Mike McFalls, an Associate Professor of Art at Columbus State University and Director of Pasaquan, gave context about Mr. Holley’s place in the art world and a brief overview of his life and career.
Mr. Holley was quick to join the improvisational street dance and shared some good moves with the crowd.
Spontaneity was the order of the day.
Mr. Holley also took time to visit with anyone who was so inclined and personally answered many questions from those in attendance.
He also gave a demonstration of his process to local 4-H members.
I want to personally thank Annie Moye for inviting me to document the event.
I owe a special thanks to Lonnie, Ezekiel, and the entire Holley family for allowing me to photograph them. They were really nice folks and I’m honored to have had the opportunity.
Mac Moye notes that this wonderfully maintained Greek Revival farmhouse was built by his great-great-great uncle, C. R. West. He also mentioned that the late George Salter Lee, a one-time mayor of Omaha, Georgia, did a wonderful drawing of the house for the Bedingfield Inn Cookbook.
The land which today comprises West Hill was first acquired by William Cunningham of Pulaski County in the Land Lottery of 1827. Cunningham never occupied the property and sold it to David Harrell about 1836, when the Greek Revival main house* is thought to have been constructed. He sold the property to William West (1799-1873) in 1853. By 1860, West had 3500 acres in cultivation and 2000 acres in timberland, making him one of the largest plantation owners in Georgia. He was also a leading cotton producer, with a record of 430 bales produced around 1860. Slave labor was integral to the operation.
West deeded the property to his daughter, Annie Crooks West, in 1867. She later married James Nelson McMichael and they lived in the main house the rest of their lives. After Mrs. McMichael’s death in 1915, estate administrators operated the farm until it was purchased by her nephew, L. M. Moye, Sr., in 1929. His descendants continue to own the property. I’m most grateful to Mac Moye for a generous tour of the grounds. The property is inhabited and private.
*-Mac Moye notes the similarity of the main house to the Bedingfield Inn in Lumpkin, suggesting they were likely designed by the same builder. This must be considered more than coincidental, considering the rural nature of Stewart County in the 1830s.
West Hill Dependencies
The historical importance of West Hill is most evident in the surviving dependencies that were the hallmark of self-sustaining plantation life. That the West descendants have maintained these structures in such authentic condition for more than a century-and-a-half seems nothing short of miraculous. Other than the absence of the original wooden shingles, the outbuildings are true to their original condition.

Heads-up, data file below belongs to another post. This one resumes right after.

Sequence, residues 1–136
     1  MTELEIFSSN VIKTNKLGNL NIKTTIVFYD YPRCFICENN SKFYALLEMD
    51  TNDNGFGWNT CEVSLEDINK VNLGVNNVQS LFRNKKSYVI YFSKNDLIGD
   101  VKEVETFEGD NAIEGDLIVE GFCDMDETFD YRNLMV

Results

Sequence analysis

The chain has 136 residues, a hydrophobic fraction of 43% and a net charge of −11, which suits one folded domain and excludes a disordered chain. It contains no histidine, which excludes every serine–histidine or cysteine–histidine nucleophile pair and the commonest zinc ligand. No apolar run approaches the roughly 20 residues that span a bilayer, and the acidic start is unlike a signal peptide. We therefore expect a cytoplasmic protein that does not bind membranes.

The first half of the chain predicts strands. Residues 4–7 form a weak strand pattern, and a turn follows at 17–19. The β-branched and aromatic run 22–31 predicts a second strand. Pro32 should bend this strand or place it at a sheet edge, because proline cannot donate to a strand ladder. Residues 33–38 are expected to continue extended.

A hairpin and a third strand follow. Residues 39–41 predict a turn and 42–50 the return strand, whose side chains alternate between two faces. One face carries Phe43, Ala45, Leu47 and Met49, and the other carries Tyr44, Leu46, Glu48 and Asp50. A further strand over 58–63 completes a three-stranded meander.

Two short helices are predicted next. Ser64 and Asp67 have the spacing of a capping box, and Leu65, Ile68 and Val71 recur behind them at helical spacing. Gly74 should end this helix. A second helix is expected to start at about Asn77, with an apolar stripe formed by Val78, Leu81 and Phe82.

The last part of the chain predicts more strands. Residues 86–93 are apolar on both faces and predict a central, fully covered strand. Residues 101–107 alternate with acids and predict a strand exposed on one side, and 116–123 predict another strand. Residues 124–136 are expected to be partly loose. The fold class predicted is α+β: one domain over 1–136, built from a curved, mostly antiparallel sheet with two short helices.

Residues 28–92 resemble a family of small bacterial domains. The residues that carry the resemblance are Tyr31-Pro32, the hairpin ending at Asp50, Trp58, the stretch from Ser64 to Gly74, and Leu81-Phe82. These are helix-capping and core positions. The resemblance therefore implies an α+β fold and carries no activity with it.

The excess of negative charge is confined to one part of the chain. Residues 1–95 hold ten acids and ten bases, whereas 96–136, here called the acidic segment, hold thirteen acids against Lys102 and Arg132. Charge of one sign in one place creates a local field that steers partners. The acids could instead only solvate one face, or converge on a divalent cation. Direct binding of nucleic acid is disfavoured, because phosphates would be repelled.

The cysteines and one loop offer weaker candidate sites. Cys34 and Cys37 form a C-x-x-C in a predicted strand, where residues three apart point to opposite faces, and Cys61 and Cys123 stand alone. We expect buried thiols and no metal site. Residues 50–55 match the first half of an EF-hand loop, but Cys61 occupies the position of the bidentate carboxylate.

Perhaps the most significant of the remaining dependencies at West Hill is the plantation schoolhouse.
One of the first schools ever built in Stewart County, its use by neighboring children was strongly encouraged by William West, who even brought a tutor from New York to teach his children here.
The joinery, though crude by today’s standards, has survived for over a century and a half.
This structure did double duty as the plantation commissary and meat storage facility.
Kitchens were always built away from the main house, and this was even true for much smaller properties. The threat of fire and the ability to control it led to this convention.
Among the domestic staff, no one was more important than the cook; it was common on large plantations for one or two members of the kitchen staff to have their own separate dwelling.
Another person essential to the continued success of a large working farm or plantation was a blacksmith, as much of what was needed for repair and production weren’t locally available, and tools and implements needed to be forged on site.
The essential privy…in this case, a five-seater.
West Hill Dependencies- Slave Dwellings of “The Grove”
Few properties in Georgia retain the dwelling places of enslaved persons, so the survival of these three at West Hill is extraordinary. All of the slave dwellings are believed to be contemporary to the construction of the main house, dating them to circa 1836. Though they have been maintained by the family for their historical value, they are the most endangered, and arguably the most important structures on the property. Located bout a quarter mile from the main house in an area referred to as “The Grove”, these single-pen houses were used as tenant homes long after emancipation. As a result of their later use, two were slightly modified. One has an extra room and shed room, while another has a shed room. Like the dependencies at the periphery of the main house, these structures were of log construction with siding and would have originally featured wooden shingles.